Renewal of Hamilton's steel sector within grasp

  • National Newswatch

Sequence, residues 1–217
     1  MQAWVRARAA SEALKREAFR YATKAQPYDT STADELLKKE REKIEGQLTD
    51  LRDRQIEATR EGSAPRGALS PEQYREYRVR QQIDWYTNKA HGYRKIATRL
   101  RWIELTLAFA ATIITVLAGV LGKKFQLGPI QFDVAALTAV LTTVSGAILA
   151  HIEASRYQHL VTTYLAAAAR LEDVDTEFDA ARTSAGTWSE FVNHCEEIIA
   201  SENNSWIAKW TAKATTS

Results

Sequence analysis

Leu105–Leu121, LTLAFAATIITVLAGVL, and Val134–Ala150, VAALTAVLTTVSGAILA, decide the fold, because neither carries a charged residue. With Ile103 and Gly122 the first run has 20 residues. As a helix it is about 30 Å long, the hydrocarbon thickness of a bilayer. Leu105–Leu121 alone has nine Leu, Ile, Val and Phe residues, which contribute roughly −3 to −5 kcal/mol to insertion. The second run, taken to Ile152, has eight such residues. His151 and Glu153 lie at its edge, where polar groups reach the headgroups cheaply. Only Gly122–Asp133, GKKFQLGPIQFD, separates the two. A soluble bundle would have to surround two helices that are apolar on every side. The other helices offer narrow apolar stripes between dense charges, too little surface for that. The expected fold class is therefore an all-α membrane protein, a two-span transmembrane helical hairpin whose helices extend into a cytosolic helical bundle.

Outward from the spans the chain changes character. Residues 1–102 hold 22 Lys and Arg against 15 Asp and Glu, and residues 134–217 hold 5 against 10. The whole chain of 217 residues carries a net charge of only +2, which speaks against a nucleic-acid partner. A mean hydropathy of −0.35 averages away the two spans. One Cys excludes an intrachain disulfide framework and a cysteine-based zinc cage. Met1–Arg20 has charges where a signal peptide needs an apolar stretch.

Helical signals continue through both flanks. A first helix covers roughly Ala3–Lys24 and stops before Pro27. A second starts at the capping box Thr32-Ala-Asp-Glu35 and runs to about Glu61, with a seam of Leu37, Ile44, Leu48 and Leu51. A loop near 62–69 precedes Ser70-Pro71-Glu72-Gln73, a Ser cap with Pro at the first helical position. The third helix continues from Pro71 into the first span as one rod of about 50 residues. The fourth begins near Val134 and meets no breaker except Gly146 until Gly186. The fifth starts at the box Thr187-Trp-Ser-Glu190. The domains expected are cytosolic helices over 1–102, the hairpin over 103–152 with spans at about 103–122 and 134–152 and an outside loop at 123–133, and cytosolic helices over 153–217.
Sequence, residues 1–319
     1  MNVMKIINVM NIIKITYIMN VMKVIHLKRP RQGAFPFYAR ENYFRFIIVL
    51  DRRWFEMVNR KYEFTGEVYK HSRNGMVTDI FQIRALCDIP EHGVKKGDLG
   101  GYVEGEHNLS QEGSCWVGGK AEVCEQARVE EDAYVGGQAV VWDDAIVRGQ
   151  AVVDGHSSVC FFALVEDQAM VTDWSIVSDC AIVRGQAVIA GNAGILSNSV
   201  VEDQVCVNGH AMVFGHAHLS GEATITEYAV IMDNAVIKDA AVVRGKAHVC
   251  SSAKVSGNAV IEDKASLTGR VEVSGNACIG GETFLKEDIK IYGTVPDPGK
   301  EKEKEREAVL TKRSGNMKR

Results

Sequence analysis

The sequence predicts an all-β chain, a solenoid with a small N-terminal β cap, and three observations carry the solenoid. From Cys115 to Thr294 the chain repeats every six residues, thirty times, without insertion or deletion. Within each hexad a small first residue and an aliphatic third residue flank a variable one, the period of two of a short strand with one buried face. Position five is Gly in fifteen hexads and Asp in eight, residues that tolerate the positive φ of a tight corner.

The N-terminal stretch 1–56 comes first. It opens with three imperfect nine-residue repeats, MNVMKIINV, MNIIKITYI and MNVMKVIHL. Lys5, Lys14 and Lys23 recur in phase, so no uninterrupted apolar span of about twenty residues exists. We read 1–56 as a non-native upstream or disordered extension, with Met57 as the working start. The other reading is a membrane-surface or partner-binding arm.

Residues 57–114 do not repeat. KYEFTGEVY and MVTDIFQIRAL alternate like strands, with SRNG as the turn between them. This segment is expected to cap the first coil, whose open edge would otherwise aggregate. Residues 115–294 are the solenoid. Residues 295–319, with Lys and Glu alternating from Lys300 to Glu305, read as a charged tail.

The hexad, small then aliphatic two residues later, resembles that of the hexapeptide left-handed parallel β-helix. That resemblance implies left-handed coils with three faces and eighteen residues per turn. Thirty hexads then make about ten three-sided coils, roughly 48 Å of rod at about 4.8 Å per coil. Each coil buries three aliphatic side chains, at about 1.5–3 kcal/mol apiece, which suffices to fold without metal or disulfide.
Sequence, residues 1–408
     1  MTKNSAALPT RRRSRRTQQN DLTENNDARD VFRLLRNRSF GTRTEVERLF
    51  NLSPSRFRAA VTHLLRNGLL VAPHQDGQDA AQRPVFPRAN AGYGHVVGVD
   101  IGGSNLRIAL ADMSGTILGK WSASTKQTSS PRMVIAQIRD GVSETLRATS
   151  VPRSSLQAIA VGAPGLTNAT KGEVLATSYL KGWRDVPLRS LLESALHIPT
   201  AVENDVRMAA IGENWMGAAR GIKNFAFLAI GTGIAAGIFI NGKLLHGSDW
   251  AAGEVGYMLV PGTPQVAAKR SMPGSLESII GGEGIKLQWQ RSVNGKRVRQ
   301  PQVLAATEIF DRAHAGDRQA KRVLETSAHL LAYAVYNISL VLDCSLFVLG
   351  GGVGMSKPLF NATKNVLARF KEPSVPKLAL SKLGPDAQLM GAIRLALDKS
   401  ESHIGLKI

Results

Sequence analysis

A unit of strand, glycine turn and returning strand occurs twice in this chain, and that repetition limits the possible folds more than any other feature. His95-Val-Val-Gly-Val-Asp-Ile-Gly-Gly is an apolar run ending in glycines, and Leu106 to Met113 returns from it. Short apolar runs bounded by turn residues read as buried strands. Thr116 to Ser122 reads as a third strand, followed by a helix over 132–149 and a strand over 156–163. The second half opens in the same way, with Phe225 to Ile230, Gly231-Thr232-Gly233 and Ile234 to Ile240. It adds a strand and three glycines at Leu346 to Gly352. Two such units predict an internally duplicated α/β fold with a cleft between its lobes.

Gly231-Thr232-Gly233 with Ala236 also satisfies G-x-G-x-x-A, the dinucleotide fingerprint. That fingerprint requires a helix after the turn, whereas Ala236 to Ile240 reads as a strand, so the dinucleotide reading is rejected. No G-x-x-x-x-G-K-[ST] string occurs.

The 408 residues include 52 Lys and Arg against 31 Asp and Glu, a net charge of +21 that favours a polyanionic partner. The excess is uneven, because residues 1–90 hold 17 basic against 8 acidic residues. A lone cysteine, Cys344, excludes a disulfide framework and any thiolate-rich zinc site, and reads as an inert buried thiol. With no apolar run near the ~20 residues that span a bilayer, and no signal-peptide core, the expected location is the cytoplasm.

Much like beauty, urgency is typically in the eye of the beholder.In the case of U.S. Steel Canada, however, the urgency is obvious to all: each passing week pushes the battered steel company further away from the possibility of attracting a White Knight and long-term prosperity.USSC is currently operating under bankruptcy protection, ostensibly to give it time to restructure. But recently-announced plans, such as the decision to divert auto steel production from Canada to the U.S., are actually damaging to USSC's long-term viability. In turn, that makes the company less attractive to a potential outside bidder.That, of course, is exactly the plan.The Pittsburgh-based parent company, US Steel, has made clear its intention to diminish the value of the former Stelco Canada assets, making them undesirable for any rivals. It would then scoop them up for a song by transforming $2.2 billion in debt into equity.The prevailing lack of urgency contributes to the likelihood of that plan's success.For example, by extending the deadline for resolution from the end of September to December 11, 2015, the court-appointed monitor for the restructuring is contributing – albeit unintentionally - to that value erosion.In an over-supplied global steel market, protracted uncertainty about the future of a producer, affects the ability to negotiate and win supply contracts. This is especially true of auto steel contracts which must be completed now for delivery to car manufacturers in time to make 2016 model cars and trucks.There are other seasonal decisions that are also affected by ongoing indecision. Before navigation channels freeze up for the winter, USSC needs to know how much iron ore and coal to stockpile for the duration.The greatest case for urgency, however, is the threat of the status quo.Since 2007, US Steel Canada, a wholly-owned subsidiary of its Pittsburgh-based parent, has locked out unionized workers three times, cut jobs and idled capacity. Amongst a number of other lawsuits, it is the only foreign company in history to be sued by the federal government for breaking employment and production commitments under the Canada Investment Act.U.S. Steel's move to divert production from Canada to the U.S. is just another example of its disregard for Canadian workers and their jobs. This is all the more disturbing at such a fragile time in the economy of the region – and the country.Nevertheless, the public disclosure of this strategy may yet fall into the category of “blessing in disguise.”U.S. Steel's actions hold the potential to create a sense of urgency among local, regional and provincial stakeholders. After all, they need to work closely together, align their agendas and forge a community that is committed to finding a new – and sustainable – way forward. But they need to move forward quickly.Many who have stayed silent out of restructuring fatigue or fear are finding their voices. In turn, that has led them to find one another.Hamilton city councilors have now formed a special committee to keep tabs on U.S. Steel's actions. Some retired Stelco executives are speaking out publicly, while others are resuming leadership by voluntarily advising unionized pensioners. Even the Ontario government is pushing back with uncharacteristically blunt force, publicly challenging financial claims that could undermine the pensions of thousands of Stelco retirees and workers.A powerful and diverse community united by urgency and common purpose could be a formidable opponent to U.S. Steel. It could also wield impressive political force at the provincial level: it's no secret that the Ontario government's Pension Benefit Guarantee Fund is insufficient to make up the potential pension shortfall. No one wants a repeat of the Nortel pension debacle.Success will require respect, leadership, discipline, co-operation and goodwill. But demonstration of those core values will attract the political support that will, in turn, attract new investors and capital. That will allow us, together, to re-build our steel industry. But we have to act fast.Bill Missen, now retired, served as Senior Vice-President, Commercial Operations, Stelco.